Basically, all of your three sentences are correct, but different in emphasis. The sentence 1 "我已经学习中文四年了" is the best match for "I have been studying Chinese for 4 years." In this sentence, you just tell the fact and try not to emphasize anything. The sentence 2 "我学习中文已经四年了" emphasizes "四年了". Once you said sentence 2, you would probably want to say more ...


6

In short, the second noun "事" is omitted. The complete sentence should be like this: 有什么事是我该做的(事)吗? For more, in Chinese, the attributive clause goes before. The proper way to translate "Is there anything I should do?" is "有什么我该做的事吗?


6

The “进” part is called directional complement. Rather simply, as we do in English, you can add a directional word to the verb, to describe where the verb is going. The most common words to indicate a direction are: 上, up and 下, down <== notice how they kind of look like arrows? 进, in and 出, out 过, to cross over 起, up 回 to come back. 到 ...


5

Why need subject? It's a imperative. "有时间“ just modifies the sentence as a condition. Comparing with some English sentences: Well, I'm going. Call me later. Well, I'm going. Don't forget closing the door. You don't need subject as well. For you second question, would it be possible to say: 如果有时间 , 到我家去. It's rare to say like that. Firstly "如果” is ...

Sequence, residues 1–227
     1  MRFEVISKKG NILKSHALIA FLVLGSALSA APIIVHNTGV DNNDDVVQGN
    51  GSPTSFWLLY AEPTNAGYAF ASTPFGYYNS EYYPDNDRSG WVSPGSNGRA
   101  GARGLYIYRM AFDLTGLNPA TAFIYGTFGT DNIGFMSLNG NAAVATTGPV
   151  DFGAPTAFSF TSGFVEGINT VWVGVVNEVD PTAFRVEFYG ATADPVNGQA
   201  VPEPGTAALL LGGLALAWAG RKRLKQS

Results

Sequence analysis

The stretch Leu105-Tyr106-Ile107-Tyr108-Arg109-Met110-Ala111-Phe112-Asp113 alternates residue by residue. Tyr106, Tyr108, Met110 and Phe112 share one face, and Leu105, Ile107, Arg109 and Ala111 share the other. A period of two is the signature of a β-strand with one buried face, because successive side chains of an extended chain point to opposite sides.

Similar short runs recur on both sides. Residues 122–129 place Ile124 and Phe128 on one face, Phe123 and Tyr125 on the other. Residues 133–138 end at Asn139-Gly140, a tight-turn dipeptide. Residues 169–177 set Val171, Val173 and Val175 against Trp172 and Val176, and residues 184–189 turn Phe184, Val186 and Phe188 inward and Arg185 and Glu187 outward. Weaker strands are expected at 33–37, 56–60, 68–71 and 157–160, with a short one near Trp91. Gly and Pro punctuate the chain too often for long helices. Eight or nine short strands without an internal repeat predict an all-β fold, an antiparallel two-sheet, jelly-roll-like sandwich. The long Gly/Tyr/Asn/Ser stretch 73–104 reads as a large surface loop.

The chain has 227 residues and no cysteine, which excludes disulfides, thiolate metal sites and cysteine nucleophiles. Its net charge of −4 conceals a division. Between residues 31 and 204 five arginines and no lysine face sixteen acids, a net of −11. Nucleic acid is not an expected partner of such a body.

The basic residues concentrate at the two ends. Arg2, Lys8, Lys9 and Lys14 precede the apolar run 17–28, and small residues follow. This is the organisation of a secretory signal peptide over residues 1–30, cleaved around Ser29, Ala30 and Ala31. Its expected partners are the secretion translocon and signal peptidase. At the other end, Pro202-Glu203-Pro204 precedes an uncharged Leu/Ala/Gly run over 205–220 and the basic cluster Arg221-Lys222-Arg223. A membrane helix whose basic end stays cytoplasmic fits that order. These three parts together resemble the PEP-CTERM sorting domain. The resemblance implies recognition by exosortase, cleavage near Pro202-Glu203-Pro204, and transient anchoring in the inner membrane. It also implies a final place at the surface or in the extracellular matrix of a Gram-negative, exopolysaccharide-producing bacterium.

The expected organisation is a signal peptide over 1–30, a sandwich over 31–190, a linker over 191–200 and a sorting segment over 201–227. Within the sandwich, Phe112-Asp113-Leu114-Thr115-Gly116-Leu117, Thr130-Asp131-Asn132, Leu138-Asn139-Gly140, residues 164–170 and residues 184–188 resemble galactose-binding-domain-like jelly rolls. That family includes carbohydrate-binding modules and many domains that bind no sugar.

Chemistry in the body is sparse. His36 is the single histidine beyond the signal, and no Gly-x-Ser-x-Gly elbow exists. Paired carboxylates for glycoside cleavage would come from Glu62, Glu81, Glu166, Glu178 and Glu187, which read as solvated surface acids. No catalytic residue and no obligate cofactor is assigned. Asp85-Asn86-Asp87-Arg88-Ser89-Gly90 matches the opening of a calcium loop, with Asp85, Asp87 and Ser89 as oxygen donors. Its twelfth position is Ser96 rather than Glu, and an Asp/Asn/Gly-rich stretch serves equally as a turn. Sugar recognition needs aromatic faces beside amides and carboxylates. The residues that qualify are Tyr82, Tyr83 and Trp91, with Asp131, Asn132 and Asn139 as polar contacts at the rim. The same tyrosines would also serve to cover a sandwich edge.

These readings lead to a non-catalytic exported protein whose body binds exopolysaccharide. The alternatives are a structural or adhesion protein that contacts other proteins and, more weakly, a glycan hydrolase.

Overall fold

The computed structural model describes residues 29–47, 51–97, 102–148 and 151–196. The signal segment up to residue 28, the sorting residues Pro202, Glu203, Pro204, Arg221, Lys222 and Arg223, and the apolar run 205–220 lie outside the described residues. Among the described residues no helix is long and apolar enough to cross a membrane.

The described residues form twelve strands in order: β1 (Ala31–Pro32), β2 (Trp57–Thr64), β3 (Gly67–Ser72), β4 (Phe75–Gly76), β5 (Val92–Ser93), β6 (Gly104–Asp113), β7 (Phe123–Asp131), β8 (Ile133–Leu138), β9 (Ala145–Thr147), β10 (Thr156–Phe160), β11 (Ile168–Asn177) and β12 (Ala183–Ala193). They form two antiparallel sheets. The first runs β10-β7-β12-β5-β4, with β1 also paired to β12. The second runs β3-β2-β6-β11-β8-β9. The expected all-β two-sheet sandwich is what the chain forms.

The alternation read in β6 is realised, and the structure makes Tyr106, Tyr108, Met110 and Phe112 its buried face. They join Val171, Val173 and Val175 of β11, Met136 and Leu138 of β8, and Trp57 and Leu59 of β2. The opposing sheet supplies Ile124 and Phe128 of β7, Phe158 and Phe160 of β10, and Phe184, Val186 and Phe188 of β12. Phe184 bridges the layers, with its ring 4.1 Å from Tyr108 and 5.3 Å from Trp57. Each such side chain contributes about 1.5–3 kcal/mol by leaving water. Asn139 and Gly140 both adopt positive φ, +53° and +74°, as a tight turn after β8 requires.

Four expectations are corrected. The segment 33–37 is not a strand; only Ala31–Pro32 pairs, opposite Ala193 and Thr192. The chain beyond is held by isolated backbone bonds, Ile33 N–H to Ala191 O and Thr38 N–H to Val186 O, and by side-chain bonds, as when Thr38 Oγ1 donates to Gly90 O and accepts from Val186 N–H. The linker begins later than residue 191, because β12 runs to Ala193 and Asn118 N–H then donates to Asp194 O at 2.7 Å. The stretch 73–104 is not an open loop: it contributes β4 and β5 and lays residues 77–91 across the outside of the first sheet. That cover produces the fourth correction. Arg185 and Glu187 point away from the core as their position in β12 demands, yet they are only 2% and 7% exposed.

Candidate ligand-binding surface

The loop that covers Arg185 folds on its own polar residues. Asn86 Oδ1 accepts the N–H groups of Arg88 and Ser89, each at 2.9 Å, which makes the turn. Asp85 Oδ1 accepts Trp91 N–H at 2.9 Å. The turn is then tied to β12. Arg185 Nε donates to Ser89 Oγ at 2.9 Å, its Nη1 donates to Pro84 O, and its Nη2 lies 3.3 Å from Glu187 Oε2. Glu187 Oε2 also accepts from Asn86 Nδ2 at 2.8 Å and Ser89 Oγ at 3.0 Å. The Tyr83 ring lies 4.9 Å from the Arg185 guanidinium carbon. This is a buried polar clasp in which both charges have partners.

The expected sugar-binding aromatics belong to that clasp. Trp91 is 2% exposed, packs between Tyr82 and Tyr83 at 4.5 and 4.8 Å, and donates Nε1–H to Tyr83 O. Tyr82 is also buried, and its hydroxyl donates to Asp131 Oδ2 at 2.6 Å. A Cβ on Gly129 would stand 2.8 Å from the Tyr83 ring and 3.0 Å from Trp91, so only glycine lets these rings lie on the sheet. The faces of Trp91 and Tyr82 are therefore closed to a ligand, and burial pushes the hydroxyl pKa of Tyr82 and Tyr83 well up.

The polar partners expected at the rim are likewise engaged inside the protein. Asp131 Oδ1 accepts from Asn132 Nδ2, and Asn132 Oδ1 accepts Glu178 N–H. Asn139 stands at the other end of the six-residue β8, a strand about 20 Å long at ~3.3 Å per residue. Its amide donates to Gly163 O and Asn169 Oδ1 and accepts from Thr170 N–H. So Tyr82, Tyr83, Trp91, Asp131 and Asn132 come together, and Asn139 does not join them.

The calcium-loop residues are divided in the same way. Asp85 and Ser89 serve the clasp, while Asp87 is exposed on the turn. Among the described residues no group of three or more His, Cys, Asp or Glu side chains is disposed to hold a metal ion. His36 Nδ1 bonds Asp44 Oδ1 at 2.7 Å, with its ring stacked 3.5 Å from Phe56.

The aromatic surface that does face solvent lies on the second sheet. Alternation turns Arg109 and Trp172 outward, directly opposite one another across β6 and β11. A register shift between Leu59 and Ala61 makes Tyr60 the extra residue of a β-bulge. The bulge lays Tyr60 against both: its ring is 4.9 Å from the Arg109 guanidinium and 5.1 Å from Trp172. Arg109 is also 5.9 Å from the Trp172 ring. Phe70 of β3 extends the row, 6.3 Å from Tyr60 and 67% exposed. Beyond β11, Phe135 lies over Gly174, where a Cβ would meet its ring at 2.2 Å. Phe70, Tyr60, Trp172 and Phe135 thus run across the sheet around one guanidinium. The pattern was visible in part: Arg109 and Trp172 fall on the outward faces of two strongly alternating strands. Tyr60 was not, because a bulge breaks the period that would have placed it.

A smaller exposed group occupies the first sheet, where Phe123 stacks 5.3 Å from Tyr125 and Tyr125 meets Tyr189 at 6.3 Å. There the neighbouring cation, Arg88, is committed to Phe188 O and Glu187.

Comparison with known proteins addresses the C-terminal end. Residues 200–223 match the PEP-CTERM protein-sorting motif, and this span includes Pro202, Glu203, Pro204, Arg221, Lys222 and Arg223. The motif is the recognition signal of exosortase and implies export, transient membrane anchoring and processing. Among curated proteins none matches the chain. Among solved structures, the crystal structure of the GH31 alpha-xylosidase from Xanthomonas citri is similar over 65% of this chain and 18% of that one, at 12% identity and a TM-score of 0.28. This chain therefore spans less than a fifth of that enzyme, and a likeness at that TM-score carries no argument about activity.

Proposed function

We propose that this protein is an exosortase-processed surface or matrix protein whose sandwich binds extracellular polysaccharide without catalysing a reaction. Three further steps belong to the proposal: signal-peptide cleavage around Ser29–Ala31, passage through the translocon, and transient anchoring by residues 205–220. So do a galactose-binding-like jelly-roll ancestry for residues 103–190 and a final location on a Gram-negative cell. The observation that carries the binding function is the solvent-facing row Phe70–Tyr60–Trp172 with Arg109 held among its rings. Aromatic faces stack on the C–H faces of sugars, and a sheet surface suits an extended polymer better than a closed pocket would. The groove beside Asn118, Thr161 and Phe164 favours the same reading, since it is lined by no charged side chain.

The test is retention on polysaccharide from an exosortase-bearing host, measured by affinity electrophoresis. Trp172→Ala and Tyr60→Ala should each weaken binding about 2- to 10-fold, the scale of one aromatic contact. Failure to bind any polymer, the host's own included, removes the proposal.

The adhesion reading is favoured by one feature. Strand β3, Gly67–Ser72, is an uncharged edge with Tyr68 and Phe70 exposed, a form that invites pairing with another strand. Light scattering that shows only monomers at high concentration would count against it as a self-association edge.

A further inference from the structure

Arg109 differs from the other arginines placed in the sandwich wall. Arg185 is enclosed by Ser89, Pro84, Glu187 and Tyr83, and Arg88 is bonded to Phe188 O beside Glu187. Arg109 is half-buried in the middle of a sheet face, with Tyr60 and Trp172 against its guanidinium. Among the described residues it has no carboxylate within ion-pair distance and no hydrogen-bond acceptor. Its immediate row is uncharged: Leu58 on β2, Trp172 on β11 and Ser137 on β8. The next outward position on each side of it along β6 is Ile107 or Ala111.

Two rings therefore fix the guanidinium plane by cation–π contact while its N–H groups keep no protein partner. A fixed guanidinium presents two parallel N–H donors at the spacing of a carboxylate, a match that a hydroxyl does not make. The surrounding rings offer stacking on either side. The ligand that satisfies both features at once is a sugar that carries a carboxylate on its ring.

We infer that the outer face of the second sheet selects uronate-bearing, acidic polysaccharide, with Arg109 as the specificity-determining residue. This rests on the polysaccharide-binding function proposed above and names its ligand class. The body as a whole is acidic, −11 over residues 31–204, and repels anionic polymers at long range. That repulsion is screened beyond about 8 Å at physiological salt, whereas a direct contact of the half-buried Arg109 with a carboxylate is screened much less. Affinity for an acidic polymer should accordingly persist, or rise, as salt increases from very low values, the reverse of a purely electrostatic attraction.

5

In general, we don't care if it is grid aligned or not. And even in fonts that are not fixed-width, the Chinese characters usually have the same width. To make it to look better, it is better to make the right boundary a straight line, not zigzaged. If you find it hard to achieve, then just leave it as it is. Some punctuation marks, such as commas (,), ...


5

Actually, 你现在人在哪里, is more like "where the hell are you now?" but maybe not that strong. I personally will use that sentence if I were kept waiting and had to call someone to ask where he/she is.


5

It is a correct, and common usage. 得 can be also used after an adj to complement its degree/level, similar as the case following a verb. Such as: 她红得发紫 So the usage of 得 should be verb/adj + 得 + complement. reference here:http://wenku.baidu.com/view/3ce1a977a417866fb84a8eca.html


5

The A不AB and AB不AB pattern that widely used in Chinese, and A不AB is sort of just a shorten expression of AB不AB, AB should be verb. or adj.. it means : Will you or not do something(when AB is verb.) or Are you or not AB(when AB is adj.). 喜欢 变态 讨厌 公平 优秀